5. Finally a good weekend dress for all those dates, proms and parties. A good cocktail dress from Peck & Peck was always popular.

If you could go back to a time and place in the history of the Seven Sisters colleges, when and where would you go and what would you be wearing?

I would go back to Vassar in the 1950s and become friends with some of the amazing Vassar women of that era that I have met and interviewed in recent years. We would go to the Alumnae House for “Vassar Devils” (a very sickly chocolatey treat), go to as many classes as physically possible and spend weekends at Ivy League parties, museums in NYC or playing bridge in my dorm room! I’d be wearing Levi’s rolled at the ankle with a men’s Brooks Brothers button-down shirt (not too far from my off-duty style today!), but on the weekends, I would get my hands on as many classic, full-skirted Lanz dresses, cashmere cardigans and strings of pearls as I possibly could!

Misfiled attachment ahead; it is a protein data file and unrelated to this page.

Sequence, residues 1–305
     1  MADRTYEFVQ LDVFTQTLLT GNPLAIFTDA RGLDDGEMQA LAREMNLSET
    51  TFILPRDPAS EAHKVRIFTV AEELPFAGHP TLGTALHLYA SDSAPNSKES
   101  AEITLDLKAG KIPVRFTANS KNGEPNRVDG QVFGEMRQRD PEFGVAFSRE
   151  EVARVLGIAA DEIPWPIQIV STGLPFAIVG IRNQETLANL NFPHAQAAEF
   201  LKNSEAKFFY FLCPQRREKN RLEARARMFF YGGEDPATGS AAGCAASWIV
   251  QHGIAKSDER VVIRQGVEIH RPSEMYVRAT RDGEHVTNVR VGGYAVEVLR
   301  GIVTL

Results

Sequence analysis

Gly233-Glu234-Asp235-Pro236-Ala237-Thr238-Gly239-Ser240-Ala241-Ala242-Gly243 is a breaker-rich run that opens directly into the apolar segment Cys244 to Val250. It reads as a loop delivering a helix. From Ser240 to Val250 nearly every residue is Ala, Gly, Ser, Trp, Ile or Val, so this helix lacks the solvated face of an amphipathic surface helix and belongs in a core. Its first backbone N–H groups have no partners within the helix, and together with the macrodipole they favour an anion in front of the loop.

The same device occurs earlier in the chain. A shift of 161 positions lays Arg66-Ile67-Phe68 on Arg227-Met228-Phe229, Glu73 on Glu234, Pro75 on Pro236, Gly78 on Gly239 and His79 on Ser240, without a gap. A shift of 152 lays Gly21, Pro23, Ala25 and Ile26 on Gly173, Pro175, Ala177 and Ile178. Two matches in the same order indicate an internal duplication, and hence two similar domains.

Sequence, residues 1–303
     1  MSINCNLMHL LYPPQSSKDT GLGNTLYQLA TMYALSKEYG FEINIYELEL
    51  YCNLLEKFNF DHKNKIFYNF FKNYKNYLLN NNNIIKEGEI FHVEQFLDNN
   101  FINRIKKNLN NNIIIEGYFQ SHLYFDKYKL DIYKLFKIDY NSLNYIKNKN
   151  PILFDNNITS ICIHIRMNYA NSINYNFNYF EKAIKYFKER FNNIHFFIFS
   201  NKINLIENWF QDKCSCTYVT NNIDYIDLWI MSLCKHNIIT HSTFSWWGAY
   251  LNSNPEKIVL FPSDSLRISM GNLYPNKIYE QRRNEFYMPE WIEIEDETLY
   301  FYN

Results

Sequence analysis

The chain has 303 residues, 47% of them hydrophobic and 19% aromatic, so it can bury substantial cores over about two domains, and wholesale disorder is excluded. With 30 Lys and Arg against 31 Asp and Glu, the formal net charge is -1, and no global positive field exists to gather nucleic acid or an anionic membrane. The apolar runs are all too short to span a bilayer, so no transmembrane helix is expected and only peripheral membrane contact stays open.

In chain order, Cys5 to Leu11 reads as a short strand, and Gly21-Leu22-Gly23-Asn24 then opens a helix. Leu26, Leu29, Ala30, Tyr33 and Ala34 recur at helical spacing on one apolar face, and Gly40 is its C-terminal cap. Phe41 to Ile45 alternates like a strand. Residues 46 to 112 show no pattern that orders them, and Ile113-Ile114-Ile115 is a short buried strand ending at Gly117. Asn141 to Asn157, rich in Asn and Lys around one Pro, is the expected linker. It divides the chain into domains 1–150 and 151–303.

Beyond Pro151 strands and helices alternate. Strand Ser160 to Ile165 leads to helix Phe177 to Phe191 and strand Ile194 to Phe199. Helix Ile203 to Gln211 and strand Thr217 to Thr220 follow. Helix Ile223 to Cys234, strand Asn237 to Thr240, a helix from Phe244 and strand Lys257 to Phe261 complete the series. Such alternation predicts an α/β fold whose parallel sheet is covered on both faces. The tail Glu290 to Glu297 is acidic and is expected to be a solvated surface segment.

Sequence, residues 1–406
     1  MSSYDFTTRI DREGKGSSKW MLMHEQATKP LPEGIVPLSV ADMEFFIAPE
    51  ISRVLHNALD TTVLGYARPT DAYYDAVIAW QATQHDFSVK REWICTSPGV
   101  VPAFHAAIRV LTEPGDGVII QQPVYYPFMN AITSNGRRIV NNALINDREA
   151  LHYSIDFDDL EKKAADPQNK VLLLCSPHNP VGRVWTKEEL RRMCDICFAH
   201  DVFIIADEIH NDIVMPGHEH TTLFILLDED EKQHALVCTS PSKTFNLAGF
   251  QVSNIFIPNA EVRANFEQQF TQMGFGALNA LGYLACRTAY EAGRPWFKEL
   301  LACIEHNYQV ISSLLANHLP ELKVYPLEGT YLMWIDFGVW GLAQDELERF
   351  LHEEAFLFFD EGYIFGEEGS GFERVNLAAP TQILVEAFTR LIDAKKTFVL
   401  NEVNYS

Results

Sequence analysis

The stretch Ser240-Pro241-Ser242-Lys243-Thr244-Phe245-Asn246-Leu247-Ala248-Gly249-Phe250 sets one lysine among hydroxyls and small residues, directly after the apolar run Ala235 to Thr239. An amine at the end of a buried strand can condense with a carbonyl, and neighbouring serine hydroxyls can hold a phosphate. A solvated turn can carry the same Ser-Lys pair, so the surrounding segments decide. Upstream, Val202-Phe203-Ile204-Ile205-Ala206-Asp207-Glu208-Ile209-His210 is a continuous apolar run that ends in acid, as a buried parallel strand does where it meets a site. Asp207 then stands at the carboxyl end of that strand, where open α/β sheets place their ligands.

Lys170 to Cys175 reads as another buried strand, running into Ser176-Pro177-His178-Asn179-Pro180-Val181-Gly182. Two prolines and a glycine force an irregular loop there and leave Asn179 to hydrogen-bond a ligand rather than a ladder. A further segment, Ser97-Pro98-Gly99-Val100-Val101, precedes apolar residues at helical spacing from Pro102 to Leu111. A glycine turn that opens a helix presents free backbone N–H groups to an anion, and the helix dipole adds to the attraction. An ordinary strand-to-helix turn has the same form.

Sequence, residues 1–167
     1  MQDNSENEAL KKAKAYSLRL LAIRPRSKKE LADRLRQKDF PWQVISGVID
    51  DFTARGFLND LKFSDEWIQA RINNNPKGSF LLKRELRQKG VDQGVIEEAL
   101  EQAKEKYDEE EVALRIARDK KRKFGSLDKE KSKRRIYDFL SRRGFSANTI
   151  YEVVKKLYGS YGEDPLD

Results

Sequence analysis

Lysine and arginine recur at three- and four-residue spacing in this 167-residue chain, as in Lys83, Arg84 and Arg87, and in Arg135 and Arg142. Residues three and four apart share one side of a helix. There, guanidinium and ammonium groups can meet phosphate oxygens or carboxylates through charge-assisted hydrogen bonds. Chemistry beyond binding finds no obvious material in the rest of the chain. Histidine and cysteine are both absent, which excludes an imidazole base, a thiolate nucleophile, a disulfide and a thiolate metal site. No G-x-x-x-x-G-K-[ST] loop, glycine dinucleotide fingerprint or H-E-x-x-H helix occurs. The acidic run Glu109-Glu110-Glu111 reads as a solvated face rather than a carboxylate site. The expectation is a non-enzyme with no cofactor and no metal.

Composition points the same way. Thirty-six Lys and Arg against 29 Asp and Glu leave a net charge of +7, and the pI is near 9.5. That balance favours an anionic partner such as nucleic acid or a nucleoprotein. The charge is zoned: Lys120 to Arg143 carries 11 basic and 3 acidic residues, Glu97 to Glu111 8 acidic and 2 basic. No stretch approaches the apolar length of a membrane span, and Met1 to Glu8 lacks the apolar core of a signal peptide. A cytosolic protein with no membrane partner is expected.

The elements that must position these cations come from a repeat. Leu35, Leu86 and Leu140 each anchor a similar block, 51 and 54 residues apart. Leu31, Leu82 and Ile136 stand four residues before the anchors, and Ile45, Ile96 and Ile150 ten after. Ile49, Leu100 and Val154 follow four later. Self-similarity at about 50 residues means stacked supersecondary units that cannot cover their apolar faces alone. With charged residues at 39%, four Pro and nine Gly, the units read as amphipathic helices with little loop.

The book is full of wonderful photographs, do you have a favourite? One that epitomises Seven Sister style for you?

So difficult to choose just one! I am completely head-over-heels for every woman and outfit featured in this book, but there is one photograph of Mount Holyoke students gathered together in a dormitory and blowing bubbles in 1945 that always makes me smile. They are wearing the best example of unfussy, classic Seven Sisters Style: Kilts, flannel skirts, crisp white button-downs, classic preppy saddle shoes, loafers and socks, crew neck sweaters and strings of pearls. But I just love the spirit of the photograph; this sense of solidarity, fun and friendship, not to mention impeccable and completely irresistible preppy style - that’s what Seven Sisters Style really is to me!